The number of cancer survivors in the United States increased from 3 million in 1971 to 11.7 million in 2007, according to a new study released today by Centers for Disease Control and Prevention (CDC) and the National Cancer Institute (NCI).
A cancer survivor is defined as anyone who has been diagnosed with cancer, from the time of diagnosis through the balance of his or her life.
While cancer remains a major public health problem — as the nation’s second leading killer only to heart disease – cancer death rates among both men and women are continuing to decline, according to the American Cancer Society.
Timothy Moynihan, M.D., a Mayo Clinic oncologist and survivorship expert, offers additional perspective on the multiple factors that have contributed to the increase in cancer survivorship:
“Some of this may be due to screening programs and earlier detection, leading to improvement in cure and overall survival. Improvements in cancer treatment — including improved surgical techniques, chemotherapy, radiation therapy, molecularly targeted therapy and use of neoadjuvant and adjuvant treatments — have all contributed. In addition, attempts to prevent recurrences after surgical treatment for many cancers (such as breast, colon, and lung) by using post-operative adjuvant therapy has increased survival. Enhanced supportive care with improved management of side effects from the cancer and from the therapy have also likely contributed,” he says.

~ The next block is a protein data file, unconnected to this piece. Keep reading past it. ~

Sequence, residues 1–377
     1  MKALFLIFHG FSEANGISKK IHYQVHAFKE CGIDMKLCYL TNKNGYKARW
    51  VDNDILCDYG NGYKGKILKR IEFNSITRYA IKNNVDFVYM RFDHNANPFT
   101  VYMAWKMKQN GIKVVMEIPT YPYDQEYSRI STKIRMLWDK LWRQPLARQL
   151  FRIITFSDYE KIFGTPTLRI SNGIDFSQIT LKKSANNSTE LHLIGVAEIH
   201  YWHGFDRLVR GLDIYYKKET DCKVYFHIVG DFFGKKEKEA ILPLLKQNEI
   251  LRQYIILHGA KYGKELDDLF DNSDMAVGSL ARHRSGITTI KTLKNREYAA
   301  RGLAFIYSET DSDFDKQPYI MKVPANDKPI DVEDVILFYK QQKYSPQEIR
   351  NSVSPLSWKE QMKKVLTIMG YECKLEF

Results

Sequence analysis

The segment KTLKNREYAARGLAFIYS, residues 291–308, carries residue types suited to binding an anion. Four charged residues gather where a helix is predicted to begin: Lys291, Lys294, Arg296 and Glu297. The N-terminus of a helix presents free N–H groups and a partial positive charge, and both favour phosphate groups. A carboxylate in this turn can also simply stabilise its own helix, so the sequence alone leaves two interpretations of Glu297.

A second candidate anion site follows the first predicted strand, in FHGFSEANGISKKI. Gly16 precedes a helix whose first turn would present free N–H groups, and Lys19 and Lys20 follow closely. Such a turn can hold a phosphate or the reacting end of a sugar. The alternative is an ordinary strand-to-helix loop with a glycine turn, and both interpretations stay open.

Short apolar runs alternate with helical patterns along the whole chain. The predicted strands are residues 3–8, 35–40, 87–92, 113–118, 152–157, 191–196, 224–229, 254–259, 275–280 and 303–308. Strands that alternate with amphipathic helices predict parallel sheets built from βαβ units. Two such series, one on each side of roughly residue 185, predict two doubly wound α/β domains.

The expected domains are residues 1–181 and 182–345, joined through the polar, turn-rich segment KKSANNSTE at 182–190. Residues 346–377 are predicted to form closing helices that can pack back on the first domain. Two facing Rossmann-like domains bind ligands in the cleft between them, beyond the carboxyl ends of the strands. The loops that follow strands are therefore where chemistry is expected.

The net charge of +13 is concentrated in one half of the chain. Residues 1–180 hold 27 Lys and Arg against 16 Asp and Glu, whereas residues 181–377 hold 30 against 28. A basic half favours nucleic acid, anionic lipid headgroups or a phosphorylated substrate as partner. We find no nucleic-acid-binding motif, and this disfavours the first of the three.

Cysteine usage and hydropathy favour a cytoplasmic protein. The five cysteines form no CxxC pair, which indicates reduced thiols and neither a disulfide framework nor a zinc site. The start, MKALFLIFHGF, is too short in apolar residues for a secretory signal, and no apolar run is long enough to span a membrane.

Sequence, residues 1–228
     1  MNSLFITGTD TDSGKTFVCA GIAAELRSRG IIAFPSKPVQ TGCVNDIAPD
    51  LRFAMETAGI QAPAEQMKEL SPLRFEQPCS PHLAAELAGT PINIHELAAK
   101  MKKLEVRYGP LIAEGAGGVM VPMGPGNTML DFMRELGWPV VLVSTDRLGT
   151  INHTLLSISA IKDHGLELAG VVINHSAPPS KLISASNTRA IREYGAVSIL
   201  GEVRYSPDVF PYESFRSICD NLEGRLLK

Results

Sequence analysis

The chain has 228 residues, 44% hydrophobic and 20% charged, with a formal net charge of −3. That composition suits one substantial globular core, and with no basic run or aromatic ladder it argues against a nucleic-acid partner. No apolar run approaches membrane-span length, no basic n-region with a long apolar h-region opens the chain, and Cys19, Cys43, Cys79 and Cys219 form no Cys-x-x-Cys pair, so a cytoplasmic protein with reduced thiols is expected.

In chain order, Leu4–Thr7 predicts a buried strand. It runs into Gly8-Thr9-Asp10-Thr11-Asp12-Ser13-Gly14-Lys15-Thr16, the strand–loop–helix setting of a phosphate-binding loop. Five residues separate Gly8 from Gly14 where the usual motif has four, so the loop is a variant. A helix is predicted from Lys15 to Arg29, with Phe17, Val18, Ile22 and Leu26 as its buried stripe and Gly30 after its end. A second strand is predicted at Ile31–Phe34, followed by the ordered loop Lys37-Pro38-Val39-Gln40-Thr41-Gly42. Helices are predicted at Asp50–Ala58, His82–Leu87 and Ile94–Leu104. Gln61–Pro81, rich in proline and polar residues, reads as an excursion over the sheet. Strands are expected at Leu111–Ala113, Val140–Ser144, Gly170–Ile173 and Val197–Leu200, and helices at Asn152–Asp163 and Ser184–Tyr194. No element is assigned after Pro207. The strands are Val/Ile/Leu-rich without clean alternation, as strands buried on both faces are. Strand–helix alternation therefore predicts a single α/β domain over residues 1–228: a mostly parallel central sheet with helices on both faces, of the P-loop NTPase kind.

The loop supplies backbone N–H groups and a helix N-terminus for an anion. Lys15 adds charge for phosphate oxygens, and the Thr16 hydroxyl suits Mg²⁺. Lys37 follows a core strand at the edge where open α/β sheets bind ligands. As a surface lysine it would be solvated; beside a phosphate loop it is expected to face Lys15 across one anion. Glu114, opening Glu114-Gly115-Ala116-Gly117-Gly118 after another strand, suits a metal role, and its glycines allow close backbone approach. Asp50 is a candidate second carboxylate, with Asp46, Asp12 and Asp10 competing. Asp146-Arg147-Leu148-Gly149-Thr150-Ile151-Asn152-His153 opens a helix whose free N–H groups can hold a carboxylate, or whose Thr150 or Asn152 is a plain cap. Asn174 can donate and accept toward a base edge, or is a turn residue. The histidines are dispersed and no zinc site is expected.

As more individuals continue to manage this chronic disease, there has been an increased need for resources for survivors and caregivers to manage the physical, emotional, psychosocial and financial impacts of cancer.
In Rochester, Minn., Mayo Clinic’s Stephen and Barbara Slaggie Family Education Center offers a variety of cancer resources. The center offers complimentary classes and sessions — from expert lectures to wellness workshops — and its American Cancer Society patient navigators and nurse educators are available to help patients and their caregivers navigate through the cancer experience, including answering questions and connecting to local resources. In addition, the center is home to one of the largest resource collections in the world.
Mayo Clinic’s campus in Florida has a patient resource room, staffed by American Cancer Society-trained volunteers, and the Arizona campus has a Patient Health and Education Library, home to an American Cancer Society patient navigator.
Mayo Clinic’s popular Living with Cancer blog and e-newsletter are also available for survivors and their caregivers around the world to connect to other survivors — and become active partners in their health care.